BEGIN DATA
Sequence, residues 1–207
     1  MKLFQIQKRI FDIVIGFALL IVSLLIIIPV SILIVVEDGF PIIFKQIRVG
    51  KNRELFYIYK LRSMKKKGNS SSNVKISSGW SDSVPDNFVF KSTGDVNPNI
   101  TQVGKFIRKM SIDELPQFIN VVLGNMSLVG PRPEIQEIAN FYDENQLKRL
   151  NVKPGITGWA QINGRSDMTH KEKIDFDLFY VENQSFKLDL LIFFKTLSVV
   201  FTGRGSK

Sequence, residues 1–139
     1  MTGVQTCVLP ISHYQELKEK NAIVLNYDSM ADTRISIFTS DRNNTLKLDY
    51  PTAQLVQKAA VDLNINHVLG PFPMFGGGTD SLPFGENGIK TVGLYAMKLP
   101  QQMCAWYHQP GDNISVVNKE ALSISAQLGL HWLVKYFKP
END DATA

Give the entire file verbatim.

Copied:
Sequence, residues 1–207
     1  MKLFQIQKRI FDIVIGFALL IVSLLIIIPV SILIVVEDGF PIIFKQIRVG
    51  KNRELFYIYK LRSMKKKGNS SSNVKISSGW SDSVPDNFVF KSTGDVNPNI
   101  TQVGKFIRKM SIDELPQFIN VVLGNMSLVG PRPEIQEIAN FYDENQLKRL
   151  NVKPGITGWA QINGRSDMTH KEKIDFDLFY VENQSFKLDL LIFFKTLSVV
   201  FTGRGSK

Sequence, residues 1–139
     1  MTGVQTCVLP ISHYQELKEK NAIVLNYDSM ADTRISIFTS DRNNTLKLDY
    51  PTAQLVQKAA VDLNINHVLG PFPMFGGGTD SLPFGENGIK TVGLYAMKLP
   101  QQMCAWYHQP GDNISVVNKE ALSISAQLGL HWLVKYFKP